In August 2020, photos of blue USPS mailboxes being removed went viral on social media. Democratic politicians criticized the removals as an effort by the Trump administration to suppress votes, by making it harder for people to submit mail-in ballots at a time when more people than ever might vote by mail due to fears of the coronavirus. In fact, the USPS routinely removes mailboxes when they are not needed in a certain area. Doing so is not a political tactic but a long-held USPS policy. Following the release of an August 2020 photo of a USPS mailbox in Oregon being removed, Post Office spokesperson Ernie Swanson told the Willamette Week, a Portland newspaper, that “The reason we’re doing it is because of declining mail volume.” In 2011, the Seattle Post-Intelligencer newspaper reported that the number of blue USPS mailboxes on U.S. streets had declined from 400,000 in 1985 to 160,000 in 2011, as Americans sent less physical mail and relied less on the blue public mailboxes.
At an August congressional hearing, DeJoy testified that 30,000 collection boxes have been removed over the past 10 years. He also announced that he would postpone cost-cutting changes the USPS had implemented over the summer, including reducing overtime and limiting trips, which Democrats said could hinder the return of mail-in ballots. “I recognize that it has become impossible to separate the necessary long-term reform efforts we will need to undertake from the broader political environment surrounding the election, and I do not want to pursue any immediate efforts that might be utilized to tarnish the Postal Service brand, particularly as it relates to our role in the democratic process,” DeJoy said.
MYTH: Living people are fraudulently voting on behalf of dead people.
In many states, election officials cross-check the list of voters with the Social Security Administration’s list of people who recently died in that jurisdiction. If a voter in one of those states died between casting their ballot and Election Day, their ballot will be rejected. In a handful of states, including Massachusetts, people who die after casting their ballot, but before Election Day, do have their vote counted. There is no evidence that living people have fraudulently voted in the name of dead people in significant numbers. In a 2014 investigation, The Washington Post identified 31 credible instances of voter impersonation from 2000 to 2014, out of more than one billion votes cast in that period.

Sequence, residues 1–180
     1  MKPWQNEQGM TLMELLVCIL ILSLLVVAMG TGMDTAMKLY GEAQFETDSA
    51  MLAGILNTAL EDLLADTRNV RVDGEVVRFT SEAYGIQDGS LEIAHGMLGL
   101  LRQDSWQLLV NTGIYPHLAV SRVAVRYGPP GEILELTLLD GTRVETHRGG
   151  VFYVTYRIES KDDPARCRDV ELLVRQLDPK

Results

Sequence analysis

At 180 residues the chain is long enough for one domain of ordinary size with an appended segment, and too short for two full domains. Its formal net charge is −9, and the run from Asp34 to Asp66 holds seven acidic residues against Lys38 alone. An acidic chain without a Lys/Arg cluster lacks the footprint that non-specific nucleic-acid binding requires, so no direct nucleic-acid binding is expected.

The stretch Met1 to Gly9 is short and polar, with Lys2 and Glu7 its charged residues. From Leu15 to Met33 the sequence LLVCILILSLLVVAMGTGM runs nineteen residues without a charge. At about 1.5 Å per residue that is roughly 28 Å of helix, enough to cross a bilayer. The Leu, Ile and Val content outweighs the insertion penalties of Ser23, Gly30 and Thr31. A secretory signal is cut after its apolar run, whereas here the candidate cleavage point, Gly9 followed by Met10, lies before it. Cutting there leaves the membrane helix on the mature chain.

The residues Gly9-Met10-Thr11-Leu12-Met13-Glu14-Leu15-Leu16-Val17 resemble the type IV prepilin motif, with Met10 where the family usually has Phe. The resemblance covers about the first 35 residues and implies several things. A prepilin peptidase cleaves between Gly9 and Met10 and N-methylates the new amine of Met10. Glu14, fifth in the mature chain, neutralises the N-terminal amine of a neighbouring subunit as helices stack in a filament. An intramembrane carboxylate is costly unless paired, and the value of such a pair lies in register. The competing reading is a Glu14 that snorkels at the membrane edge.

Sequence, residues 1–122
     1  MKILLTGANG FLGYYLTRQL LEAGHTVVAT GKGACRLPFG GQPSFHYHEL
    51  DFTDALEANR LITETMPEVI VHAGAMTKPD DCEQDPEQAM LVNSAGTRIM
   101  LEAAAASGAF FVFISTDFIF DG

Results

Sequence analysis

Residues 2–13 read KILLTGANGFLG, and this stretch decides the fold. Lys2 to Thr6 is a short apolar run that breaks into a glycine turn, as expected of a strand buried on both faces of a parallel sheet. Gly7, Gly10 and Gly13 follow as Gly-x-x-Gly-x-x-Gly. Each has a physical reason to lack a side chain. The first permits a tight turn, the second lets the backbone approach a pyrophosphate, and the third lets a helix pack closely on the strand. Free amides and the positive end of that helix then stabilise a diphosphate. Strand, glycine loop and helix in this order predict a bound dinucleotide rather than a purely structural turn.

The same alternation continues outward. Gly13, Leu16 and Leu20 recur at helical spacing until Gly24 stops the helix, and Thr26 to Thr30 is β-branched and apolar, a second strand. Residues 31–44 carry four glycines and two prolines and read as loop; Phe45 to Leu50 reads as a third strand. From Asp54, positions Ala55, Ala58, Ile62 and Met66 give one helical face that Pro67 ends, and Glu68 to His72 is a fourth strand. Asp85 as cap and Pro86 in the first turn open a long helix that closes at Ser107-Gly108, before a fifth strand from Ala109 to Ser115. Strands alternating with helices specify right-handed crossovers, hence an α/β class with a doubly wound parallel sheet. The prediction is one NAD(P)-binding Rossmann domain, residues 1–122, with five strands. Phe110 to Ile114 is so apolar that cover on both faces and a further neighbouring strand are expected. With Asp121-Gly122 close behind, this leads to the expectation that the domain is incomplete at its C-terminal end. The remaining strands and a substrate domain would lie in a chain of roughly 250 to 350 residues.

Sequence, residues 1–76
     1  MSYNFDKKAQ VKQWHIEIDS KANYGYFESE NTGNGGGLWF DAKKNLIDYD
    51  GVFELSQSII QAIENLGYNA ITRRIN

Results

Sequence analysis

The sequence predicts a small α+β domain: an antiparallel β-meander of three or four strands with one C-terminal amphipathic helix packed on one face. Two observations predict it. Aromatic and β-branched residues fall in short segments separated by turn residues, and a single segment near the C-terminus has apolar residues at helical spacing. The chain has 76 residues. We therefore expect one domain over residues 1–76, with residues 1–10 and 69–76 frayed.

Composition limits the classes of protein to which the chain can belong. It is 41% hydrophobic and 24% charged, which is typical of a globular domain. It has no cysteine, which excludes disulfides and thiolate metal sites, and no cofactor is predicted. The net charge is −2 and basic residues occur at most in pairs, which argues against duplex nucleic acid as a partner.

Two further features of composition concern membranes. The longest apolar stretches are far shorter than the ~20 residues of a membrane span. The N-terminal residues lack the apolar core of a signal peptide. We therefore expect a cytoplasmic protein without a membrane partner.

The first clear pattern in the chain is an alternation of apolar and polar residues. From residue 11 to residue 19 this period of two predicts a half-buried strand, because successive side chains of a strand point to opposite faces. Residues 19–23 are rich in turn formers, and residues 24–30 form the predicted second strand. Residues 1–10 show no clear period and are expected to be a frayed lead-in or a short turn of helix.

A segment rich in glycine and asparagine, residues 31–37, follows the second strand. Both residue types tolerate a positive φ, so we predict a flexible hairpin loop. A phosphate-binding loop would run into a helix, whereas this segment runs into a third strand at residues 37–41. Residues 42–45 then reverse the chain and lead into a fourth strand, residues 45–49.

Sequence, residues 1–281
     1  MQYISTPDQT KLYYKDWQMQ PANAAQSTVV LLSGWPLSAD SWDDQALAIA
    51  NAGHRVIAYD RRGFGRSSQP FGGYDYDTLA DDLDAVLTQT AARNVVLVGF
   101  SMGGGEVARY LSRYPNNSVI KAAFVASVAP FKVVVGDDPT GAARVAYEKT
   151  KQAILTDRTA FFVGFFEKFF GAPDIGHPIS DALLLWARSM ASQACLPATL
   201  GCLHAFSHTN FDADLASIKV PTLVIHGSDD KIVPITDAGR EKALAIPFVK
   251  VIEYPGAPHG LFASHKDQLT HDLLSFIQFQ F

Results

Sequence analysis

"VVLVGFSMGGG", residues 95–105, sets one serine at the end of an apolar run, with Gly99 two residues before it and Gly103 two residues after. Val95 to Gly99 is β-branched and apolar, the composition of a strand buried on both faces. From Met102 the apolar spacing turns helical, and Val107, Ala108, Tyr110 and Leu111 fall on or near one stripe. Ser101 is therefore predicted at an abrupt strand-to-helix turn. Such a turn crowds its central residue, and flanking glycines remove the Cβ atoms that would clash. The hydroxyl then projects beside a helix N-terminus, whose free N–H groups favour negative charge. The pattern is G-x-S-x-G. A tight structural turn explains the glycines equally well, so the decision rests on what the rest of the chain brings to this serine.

MYTH: Democrats support “ballot harvesting,” the practice in which political operatives are paid to collect ballots from vulnerable people like the elderly and disabled, and change the person’s vote so that it supports the political operative’s party. Democrats want to pass legislation to legalize “ballot harvesting” and other “cheat by mail” provisions because they support voter fraud.
The Democrats’ coronavirus relief bill, known as the Heroes Act (which passed the U.S. House but stalled in the Senate), stipulates that someone other than a family member would be allowed to return a ballot for somebody who was unable to leave home to vote. However, the bill explicitly bars the kind of abuse known as ballot harvesting. The legislation states that ballots must already be “voted and sealed” by the time the designated person picks it up, and mandates that the person “does not receive any form of compensation” for delivering the ballot.
According to the National Council of State Legislatures, a nonpartisan organization that researches and analyzes issues of interest to state officials, ballot collection is legal in many states. Still, these states have a variety of laws relating to the practice of ballot collection. Some states, like Arizona, only allow a family member, caregiver, or person who lives with the voter to turn in the voter’s ballot. Other states, including Montana, allow non-family members to return people’s ballots, but place a limit on the number of ballots a person may return.
MYTH: Democrats promise violence — in the form of a coup or civil war — unless Joe Biden wins the presidential election. The blueprint for their post-election plan is a report from the Transition Integrity Project, a partisan Democratic group that laid the groundwork for Democrats to react with violence in any situation aside from Biden winning in a landslide.